When Lincoln University severed its ties with the not-for-profit Lincoln University Foundation on Dec. 31, it brought a relationship of nearly 40 years to an end.
The move also prompted ABC 17 News to look closely at the reasons for the separation and whether finances played a role the breakup. That examination turned up information about the Oct. 5 inauguration events for Lincoln University president Jerald Woolfolk, including a university request that the foundation help foot the bill.
In total, the inauguration ceremony held at Richardson Fine Arts Center and the Inaugural Ball held at the LINC recreation center cost more than $35,000.
The university was able to recoup about $7,000 from ticket sales, leaving the net expense of the weekend’s events at about $28,465.
Even with the ever-increasing cost of attending college, the funds spent on the inauguration events could pay for more than three-and-a-half years of a student’s education. The approximate cost of annual tuition listed on Lincoln University’s website is $7,795.
Among the items purchased for the ceremony was a nickel-plated medallion engraved with the names of all Lincoln University presidents.
Jacqueline Shipma, Lincoln University’s legal counsel, told ABC 17 News the money for the events was drafted from the Special Designated Projects account.
In an email conversation, the LU president’s office requested the Lincoln University Foundation donate $10,000 toward the inauguration -- a request the university says was never fulfilled.
When asked how the money would be used, chief of staff and executive assistant to the president Carlos Graham answered with the following email:
“The Foundation’s support of this event will be used to cover vital costs of the Inauguration, to include the medallion ($4500 total cost), the printing and design of the invitations ($855.00) and the printing of the program book (another approximately $800). The remainder will be used for activities meant to make the ball a regal and memorable event.”
James Tippin, the foundation’s attorney, said the request was ultimately granted despite some hesitation and reluctance.
“After discussion, we said, ‘this is a new president, we’re starting new, and trying to foster good relationships,’” Tippin said. “It was done in reluctance, but it was approved.”
Shipma said the transfer of the $10,000 donation from the foundation “never happened,” and that the university funded the entire event.
The inauguration came months before the Lincoln University Foundation was given notice that it would no longer have a working relationship with its namesake college.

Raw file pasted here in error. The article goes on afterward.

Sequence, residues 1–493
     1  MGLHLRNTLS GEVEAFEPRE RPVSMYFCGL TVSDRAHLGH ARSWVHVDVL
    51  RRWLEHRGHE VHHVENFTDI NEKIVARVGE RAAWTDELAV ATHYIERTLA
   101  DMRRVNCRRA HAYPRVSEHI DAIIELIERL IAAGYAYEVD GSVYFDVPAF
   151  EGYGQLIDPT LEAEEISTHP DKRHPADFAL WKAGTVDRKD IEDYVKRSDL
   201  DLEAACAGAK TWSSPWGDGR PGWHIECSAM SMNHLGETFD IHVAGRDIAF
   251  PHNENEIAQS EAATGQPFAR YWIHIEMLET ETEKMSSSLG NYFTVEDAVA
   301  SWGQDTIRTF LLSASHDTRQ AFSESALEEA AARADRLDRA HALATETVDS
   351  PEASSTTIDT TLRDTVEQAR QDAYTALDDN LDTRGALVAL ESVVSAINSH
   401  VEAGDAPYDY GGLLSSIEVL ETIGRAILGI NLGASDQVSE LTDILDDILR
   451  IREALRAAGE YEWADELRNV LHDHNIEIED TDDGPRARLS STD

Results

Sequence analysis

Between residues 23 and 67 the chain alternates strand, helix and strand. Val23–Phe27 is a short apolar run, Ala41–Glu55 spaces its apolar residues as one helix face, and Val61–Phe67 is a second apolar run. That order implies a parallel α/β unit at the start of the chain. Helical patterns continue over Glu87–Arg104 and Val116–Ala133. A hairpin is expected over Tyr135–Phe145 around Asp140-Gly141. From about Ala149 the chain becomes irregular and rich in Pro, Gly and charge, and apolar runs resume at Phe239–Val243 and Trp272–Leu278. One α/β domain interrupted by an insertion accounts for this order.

The foundation renamed itself The 62nd & 65th Regiments Legacy Foundation and soon launched a lawsuit against LU over its financial records.
No one with the foundation cited the inauguration request as a major factor contributing to the breakup. Lincoln University declined a request for an interview but held a news conference Thursday afternoon at which spokeswoman Misty Young read from a prepared statement and took questions.
Young emailed the prepared remarks afterward as a news release.
"The University works diligently on a daily basis to ensure each unit is operating as good stewards of not only our state appropriations, but also the revenue from tuition and fees. Inauguration activities are an honored tradition within the higher education community. As with any special event, organizers work to celebrate an important moment in institutional history, but to also make sound decisions as it relates to not only that event, but the university’s overall fiscal health. We are committed to being fiscally responsible.
Records from the 2013 inauguration of former Lincoln president Kevin Rome show the university spent more than $41,000 on those events.
Presidential inaugurations at colleges and universities are not uncommon. Rome was the subject of such a ceremony in 2017 when he became president of Fisk University. And while the University of Missouri did not hold an inauguration for either UM System President Mun Choi or current Columbia campus Chancellor Alexander Cartwright, the school did hold an event in 2014 for former chancellor R. Bowen Loftin.